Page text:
I made this list in slight fear that others around me here would oppose my loosey-goosey interpretation of Mexican cooking and raise their wooden spoons against me. (I have been bruised on Youtube for a US bought slow cooker for my bean cookery because it was not locally sourced.)  If I can withstand grease splatters, I can withstand their righteous commentary. That’s me. I’m a hybrid rebel. It rankles me to live without, especially when my dominating appetite dictates. When they inspect my gourmeteria-like suitcase at customs, I have to defend my pantry against the inspection guards, so I am ready to do it on Facebook, too.

I have learned from living in Mexico, if I want to keep my culinary traditions and keep expanding my repertoire of good things from my kitchen, I have to start from scratch, improvise, search relentlessly, go without, or bring it back in my suitcase. My husband groans every time I request extra luggage on our airplane manifest to fit my grocery shopping. But then I present him with something that tastes like it did when he was studying for his Business Econ exams at UC Santa Barbara all the levies are forgiven, all the strained shoulder muscles are allayed and forgotten under the wizardry of an Old El Paso Super Stuffer taco with Tapatio hot sauce licked from our fingers.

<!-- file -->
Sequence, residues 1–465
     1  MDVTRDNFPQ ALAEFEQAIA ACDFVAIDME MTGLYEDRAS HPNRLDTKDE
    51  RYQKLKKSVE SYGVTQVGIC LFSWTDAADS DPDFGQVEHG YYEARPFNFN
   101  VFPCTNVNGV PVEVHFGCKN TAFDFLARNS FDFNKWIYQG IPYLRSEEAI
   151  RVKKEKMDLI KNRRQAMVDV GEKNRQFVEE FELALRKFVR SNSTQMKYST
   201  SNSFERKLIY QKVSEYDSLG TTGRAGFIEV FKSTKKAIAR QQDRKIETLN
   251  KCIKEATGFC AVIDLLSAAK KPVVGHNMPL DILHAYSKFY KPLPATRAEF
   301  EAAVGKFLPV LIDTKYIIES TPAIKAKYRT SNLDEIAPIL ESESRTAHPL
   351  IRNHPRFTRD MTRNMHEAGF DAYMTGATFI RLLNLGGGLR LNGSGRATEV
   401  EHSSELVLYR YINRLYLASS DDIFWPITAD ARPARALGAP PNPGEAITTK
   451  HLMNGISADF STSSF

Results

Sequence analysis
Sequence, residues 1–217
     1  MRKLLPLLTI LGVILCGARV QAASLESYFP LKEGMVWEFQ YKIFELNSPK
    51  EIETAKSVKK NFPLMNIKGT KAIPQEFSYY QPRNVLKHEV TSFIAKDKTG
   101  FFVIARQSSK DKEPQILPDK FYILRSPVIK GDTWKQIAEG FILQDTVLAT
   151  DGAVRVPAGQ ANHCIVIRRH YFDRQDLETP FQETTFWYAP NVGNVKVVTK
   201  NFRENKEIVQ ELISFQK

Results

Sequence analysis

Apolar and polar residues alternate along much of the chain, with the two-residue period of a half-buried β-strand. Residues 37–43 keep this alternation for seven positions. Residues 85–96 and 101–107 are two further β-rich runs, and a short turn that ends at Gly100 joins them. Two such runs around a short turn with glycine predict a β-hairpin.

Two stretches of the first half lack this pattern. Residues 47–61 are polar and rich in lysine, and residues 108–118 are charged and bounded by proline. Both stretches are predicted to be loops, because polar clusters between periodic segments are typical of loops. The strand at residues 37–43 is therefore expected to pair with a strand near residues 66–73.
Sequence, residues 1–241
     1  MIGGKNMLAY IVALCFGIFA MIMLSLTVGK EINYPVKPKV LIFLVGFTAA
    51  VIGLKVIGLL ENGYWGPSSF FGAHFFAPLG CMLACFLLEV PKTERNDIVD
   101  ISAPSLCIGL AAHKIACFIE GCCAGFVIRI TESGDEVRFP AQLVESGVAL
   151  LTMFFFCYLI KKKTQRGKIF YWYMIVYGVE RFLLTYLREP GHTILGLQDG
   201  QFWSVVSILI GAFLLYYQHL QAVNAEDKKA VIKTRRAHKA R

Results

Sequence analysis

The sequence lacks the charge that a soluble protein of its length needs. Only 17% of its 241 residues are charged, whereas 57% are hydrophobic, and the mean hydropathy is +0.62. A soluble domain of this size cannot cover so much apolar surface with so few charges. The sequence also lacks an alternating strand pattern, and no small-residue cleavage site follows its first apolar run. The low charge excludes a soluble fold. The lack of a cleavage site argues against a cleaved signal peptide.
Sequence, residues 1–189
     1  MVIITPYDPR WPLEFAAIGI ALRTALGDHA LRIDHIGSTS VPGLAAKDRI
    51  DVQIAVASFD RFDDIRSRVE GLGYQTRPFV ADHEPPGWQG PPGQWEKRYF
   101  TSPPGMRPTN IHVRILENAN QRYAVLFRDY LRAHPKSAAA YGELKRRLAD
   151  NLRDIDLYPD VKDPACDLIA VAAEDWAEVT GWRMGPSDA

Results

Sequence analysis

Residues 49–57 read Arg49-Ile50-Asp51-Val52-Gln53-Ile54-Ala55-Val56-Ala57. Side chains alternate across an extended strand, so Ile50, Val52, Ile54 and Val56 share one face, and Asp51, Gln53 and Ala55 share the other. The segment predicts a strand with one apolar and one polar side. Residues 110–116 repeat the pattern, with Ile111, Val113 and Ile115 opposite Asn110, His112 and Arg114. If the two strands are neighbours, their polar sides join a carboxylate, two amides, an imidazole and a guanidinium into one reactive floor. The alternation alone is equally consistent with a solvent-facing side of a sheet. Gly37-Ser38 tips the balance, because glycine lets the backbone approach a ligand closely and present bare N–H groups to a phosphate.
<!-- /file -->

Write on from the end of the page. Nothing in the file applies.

Note: When you are moving your household goods to Mexico on a menaje de casa (import tax free), you cannot bring food or spices on your shipment, but you can bring your sauce-splattered Mexican cookbooks, lovingly used comals, well-seasoned parillas, indispensable burr spice grinders, high-intensity blenders, well-worn mortars and pestles to outfit your little cucina Mexicana.

Secret Ventilation

Secret Ventilation

Two years ago, in December, my husband looked at the great big pile of things that I was taking to our beach house rental and said, “No you don’t. We’re not bringing all that stuff. Why are you bringing two upright fans?”